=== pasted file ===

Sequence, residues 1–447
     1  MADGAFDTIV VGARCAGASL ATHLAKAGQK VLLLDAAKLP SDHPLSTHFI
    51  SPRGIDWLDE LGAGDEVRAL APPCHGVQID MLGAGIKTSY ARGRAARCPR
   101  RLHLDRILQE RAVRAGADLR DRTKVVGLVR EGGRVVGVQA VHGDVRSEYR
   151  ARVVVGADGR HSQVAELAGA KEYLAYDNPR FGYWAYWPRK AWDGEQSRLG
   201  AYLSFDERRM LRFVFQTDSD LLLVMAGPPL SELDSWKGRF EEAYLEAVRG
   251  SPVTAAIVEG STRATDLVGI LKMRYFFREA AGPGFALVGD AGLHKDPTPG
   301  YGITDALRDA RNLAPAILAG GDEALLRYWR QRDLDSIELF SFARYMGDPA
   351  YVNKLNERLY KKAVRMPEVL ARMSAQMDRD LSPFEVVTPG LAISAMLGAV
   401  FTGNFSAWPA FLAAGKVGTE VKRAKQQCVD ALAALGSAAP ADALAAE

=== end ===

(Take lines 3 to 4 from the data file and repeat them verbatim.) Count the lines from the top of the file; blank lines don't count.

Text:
    51  SPRGIDWLDE LGAGDEVRAL APPCHGVQID MLGAGIKTSY ARGRAARCPR
   101  RLHLDRILQE RAVRAGADLR DRTKVVGLVR EGGRVVGVQA VHGDVRSEYR